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Discussion Starter · #5 ·
Hi, thanks for your answers.

Finally i've filled both legs with 150 cc SAE 5wt oil instead de 155cc of SAE 7,5wt recommended by the manufacturer.

Obviously I have fully closed the rebound adjuster to archieve an apreciable rebound damping.

The results are good, the fork 'eats' the impacts quickly and with the rebound fully closed I get enough rebound damping. Also i've not yet bottommed the fork.

My weight is 70 kg (sorry, I don't understand lbs...).

Another question, the original coils that came with the fork are too firm to my weight, i think. 'cause this new Marzs have an external air preload, i use a unnoficial method to archieve a higher sag. I compress the fork all what I can and then I push the schraeder valve to get out the air inside. Really I compress the fork with the valve opened and I close it before the fork extends. In this way, I have negative air pressure, and the difference is apreciable. Could be better to get out one coil and putting some air pressure? This solution would be more expensive, 'cause i have not fork pump!

Saludos desde España a todos los hispano-hablantes.

Visitad foromtb.com
 

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"El Whatever"
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Huess said:
Hi, thanks for your answers.

Finally i've filled both legs with 150 cc SAE 5wt oil instead de 155cc of SAE 7,5wt recommended by the manufacturer.

Obviously I have fully closed the rebound adjuster to archieve an apreciable rebound damping.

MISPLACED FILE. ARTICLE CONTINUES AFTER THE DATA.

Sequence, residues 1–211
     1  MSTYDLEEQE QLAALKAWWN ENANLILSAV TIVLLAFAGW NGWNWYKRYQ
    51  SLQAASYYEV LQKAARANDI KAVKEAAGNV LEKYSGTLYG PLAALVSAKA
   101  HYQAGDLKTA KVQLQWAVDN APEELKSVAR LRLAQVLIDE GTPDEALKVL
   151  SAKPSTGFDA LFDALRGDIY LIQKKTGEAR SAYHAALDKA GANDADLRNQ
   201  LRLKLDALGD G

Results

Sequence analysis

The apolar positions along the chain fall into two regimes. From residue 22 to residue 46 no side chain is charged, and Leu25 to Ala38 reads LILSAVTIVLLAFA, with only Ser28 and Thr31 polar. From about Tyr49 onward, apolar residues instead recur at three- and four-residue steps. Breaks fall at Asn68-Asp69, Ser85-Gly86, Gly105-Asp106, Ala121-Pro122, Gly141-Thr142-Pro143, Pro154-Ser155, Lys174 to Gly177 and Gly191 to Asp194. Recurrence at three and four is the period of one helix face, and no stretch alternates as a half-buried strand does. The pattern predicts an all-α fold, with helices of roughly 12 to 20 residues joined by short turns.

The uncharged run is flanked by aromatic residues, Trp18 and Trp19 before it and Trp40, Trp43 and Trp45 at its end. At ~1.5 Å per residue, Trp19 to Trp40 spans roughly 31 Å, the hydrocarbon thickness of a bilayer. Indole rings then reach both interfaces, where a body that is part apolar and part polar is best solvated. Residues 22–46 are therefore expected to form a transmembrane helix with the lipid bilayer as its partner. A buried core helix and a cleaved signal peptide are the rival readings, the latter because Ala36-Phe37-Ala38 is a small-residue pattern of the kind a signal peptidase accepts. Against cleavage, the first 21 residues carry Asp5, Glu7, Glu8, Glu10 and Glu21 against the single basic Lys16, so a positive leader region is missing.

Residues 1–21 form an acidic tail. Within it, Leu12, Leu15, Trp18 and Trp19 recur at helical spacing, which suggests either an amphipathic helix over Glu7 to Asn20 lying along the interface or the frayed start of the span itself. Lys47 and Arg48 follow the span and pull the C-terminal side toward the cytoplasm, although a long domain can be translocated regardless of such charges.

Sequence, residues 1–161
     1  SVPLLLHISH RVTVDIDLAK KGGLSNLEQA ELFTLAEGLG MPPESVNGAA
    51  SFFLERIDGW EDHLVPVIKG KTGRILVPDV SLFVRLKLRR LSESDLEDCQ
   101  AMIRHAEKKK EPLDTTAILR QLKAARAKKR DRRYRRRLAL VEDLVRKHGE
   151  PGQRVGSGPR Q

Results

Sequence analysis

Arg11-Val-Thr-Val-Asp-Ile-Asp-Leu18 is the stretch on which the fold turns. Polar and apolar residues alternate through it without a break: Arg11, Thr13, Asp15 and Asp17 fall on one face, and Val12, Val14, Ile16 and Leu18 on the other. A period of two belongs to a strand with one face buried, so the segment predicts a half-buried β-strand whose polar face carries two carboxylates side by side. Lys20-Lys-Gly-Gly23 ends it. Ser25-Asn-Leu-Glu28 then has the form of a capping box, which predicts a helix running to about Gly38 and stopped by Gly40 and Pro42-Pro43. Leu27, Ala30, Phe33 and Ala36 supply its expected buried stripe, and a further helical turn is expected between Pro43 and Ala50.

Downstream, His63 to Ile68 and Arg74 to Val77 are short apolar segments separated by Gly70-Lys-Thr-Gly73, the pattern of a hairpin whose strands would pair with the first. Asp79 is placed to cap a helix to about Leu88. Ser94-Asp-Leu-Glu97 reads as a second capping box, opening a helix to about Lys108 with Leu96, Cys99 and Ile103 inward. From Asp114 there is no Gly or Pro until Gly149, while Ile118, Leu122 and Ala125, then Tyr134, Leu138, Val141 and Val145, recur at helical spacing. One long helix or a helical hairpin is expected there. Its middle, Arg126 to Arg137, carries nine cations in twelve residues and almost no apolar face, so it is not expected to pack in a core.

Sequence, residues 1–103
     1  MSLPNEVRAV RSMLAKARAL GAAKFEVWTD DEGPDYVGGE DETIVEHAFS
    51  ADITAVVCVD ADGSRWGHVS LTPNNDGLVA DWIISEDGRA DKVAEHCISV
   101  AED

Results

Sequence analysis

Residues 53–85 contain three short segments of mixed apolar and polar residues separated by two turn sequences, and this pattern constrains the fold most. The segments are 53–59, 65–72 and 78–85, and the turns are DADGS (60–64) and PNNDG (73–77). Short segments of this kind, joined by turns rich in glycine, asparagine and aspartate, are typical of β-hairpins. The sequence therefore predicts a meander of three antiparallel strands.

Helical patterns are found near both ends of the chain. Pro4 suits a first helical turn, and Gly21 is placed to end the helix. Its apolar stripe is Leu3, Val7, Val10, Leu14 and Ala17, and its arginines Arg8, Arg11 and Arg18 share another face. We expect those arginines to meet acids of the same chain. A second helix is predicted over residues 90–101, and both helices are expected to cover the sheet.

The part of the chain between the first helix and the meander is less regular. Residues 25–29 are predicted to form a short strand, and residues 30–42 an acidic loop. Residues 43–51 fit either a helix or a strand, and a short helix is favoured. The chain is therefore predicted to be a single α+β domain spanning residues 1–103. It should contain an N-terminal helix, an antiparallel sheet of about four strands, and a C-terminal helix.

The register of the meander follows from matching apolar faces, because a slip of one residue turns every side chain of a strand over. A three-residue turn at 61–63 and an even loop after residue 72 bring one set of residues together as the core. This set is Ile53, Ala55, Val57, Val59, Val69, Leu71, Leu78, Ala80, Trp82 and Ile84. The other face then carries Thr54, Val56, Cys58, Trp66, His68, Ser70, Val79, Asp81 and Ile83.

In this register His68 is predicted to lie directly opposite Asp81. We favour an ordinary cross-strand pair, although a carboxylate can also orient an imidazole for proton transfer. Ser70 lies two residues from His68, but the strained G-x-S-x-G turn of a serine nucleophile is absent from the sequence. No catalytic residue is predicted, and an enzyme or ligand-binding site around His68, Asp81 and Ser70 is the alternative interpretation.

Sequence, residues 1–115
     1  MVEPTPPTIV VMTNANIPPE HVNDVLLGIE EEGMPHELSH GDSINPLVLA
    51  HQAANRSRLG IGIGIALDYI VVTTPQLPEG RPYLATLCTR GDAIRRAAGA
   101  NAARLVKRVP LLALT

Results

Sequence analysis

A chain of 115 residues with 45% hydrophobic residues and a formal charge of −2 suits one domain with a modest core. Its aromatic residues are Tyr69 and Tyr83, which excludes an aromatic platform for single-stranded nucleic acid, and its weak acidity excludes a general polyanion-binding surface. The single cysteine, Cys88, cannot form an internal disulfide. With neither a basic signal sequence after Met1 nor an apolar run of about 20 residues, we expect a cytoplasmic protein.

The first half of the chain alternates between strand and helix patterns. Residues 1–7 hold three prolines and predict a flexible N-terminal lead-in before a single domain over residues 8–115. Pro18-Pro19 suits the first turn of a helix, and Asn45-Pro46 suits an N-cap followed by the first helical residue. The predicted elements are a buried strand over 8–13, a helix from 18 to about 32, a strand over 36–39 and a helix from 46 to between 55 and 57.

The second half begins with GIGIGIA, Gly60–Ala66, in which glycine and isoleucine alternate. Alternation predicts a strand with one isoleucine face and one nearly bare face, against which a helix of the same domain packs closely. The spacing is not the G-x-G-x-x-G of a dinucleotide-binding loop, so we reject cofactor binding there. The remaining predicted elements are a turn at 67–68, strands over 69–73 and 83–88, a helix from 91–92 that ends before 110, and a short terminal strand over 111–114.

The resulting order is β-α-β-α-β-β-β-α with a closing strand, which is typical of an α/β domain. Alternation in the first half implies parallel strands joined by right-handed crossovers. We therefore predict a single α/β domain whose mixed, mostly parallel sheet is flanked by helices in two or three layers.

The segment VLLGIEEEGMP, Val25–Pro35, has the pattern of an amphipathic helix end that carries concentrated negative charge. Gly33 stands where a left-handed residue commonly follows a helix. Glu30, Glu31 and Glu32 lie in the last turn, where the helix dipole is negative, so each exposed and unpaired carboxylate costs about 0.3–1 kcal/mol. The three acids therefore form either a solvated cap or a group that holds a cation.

The results are good, the fork 'eats' the impacts quickly and with the rebound fully closed I get enough rebound damping. Also i've not yet bottommed the fork.

My weight is 70 kg (sorry, I don't understand lbs...).

Another question, the original coils that came with the fork are too firm to my weight, i think. 'cause this new Marzs have an external air preload, i use a unnoficial method to archieve a higher sag. I compress the fork all what I can and then I push the schraeder valve to get out the air inside. Really I compress the fork with the valve opened and I close it before the fork extends. In this way, I have negative air pressure, and the difference is apreciable. Could be better to get out one coil and putting some air pressure? This solution would be more expensive, 'cause i have not fork pump!

Saludos desde España a todos los hispano-hablantes.

Visitad foromtb.com
Check first how far are you from the low limit of the spring range. It may be that the softer spring will require more pre-load to achieve sag and that would make it less responsive (slang term is "plush"). But as a rule of thumb if you can't get proper sag with your spring, you need a softer spring. Pumps are out there for under 40 euros. Try to get the stuff from Marzocchi Italia. It could be cheaper from you (I said "could").

Good luck!!!

Visitare el Foro!!!!